5. (C) Wang reiterated China’s long-standing position that the key objective at this stage was to prevent the situation on the Korean peninsula from spinning out of control and to establish a positive direction through dialogue and negotiation. He said that Ambassador Bosworth should make clear to North Korea that it was not in U.S. interests to prolong the current state of hostility, that the United States had no intention of promoting regime change in the North, and that international sanctions and relations with the DPRK’s neighbors could be changed and they could help

BEIJING 00003313 002 OF 003
with North Korea’s economic development. This was contingent upon a change in North Korean behavior and an eventual North Korean pledge to the world that it would not embark on the road to nuclear weapons. U/S Burns responded that the United States understood the complexity of the situation and emphasized the great importance of joint U.S.-China and Five-Party efforts to bring North Korea back as soon as possible to the Six-Party Talks and its denuclearization commitments.

Unified U.S.-China Effort Needed on Iran

6. (C) U/S Burns emphasized that the nuclear weapons challenge in Iran required a similarly unified U.S.-China and international effort. The United States was profoundly concerned about Middle East stability, which was crucial to both U.S. and Chinese security and economic interests. If Iran continued developing a nuclear capability, Israel would “no doubt” act, and concern among the Arab states might trigger a regional arms race. President Obama had repeatedly reached out to Iran’s leaders, but had yet to receive a positive response. Moreover, Iran had not followed through on the understandings reached in Geneva in October, including Iran’s commitment to meet with the P5-plus-1 countries for talks focused on the nuclear issue and its initial acceptance of the IAEA’s TRR proposal. The United States would continue to take a diplomatic, creative and flexible approach working with our Russian, Chinese and European partners, but time was running short. By the end of the year, President Obama would have to evaluate Iran’s actions thus far. If Iran did not live up to its agreements, the United States would work with its international partners to make clear to Iran the consequences of its unwillingness to engage seriously.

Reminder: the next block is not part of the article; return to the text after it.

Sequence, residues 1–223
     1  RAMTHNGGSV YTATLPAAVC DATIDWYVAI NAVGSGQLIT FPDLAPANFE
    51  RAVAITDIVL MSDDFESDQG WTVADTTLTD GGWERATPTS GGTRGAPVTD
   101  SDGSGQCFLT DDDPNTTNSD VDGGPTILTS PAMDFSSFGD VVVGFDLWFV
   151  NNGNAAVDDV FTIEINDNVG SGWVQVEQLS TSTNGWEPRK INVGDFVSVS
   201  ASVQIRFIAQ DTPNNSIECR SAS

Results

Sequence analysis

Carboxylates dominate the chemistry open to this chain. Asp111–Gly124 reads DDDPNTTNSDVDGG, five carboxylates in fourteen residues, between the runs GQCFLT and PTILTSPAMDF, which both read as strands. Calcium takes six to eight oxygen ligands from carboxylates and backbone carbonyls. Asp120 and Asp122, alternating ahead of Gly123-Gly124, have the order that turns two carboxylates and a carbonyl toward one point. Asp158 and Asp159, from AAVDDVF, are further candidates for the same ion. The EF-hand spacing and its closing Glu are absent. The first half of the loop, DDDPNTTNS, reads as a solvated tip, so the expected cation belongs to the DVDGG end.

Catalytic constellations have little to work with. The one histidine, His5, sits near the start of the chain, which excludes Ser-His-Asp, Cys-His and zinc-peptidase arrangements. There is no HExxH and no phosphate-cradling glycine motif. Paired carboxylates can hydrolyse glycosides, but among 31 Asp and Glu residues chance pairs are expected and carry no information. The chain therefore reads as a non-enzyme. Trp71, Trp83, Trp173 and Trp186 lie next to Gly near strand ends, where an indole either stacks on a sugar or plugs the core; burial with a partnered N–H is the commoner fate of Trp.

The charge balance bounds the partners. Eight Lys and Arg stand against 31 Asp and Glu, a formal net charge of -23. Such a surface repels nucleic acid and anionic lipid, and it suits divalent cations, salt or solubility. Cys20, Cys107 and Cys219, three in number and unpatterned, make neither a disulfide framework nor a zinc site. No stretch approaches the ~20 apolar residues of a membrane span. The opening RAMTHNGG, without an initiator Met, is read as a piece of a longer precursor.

Wang Pledges Chinese Support...


7. (C) Wang had high praise for U.S. efforts in the Middle East in general and the approach to Iran in particular, stating that China viewed U.S. measures in Iran as very practical and as based on realities on the ground. China had economic interests in Iran, but, in principle, China had no differences with the United States on the nuclear weapons issue. China agreed that Iranian nuclear weapons would bring great instability to the Middle East, including possible warfare, even on a global scale, with consequences far greater than China’s economic interests. China agreed with the IAEA proposal and that Iran should live up to the commitments it made in Geneva, but unfortunately, Iran had not responded positively to this proposal despite many efforts by the United States, China, and the international community. China had consistently told Iran that China strongly opposed Iran’s pursuit of nuclear weapons. This message, he claimed, has been conveyed in party-to-party and government-to-government meetings and in “all channels.” However, Iran maintained it had no nuclear weapons and was simply pursuing the peaceful use of nuclear energy.

...But Urges Continued Diplomacy

8. (C) Wang pressed U/S Burns for details on when the limits of U.S. patience might be exhausted and counseled further efforts to find a diplomatic solution. Burns replied that U.S. patience was nearly exhausted. Wang acknowledged that there was a potential for an Israeli military strike were the situation not handled properly, which was of grave concern to China, but insisted that harsh actions were not yet warranted. Recent U.S. experience with a military option, he said, should teach some lessons, and the outcome of tougher sanctions was also unpredictable. The United States needed to understand that Iran was not Iraq, and the best way forward was to continue to pursue peaceful dialogue and negotiations and to carefully examine previous diplomatic efforts to see what changes needed to be made.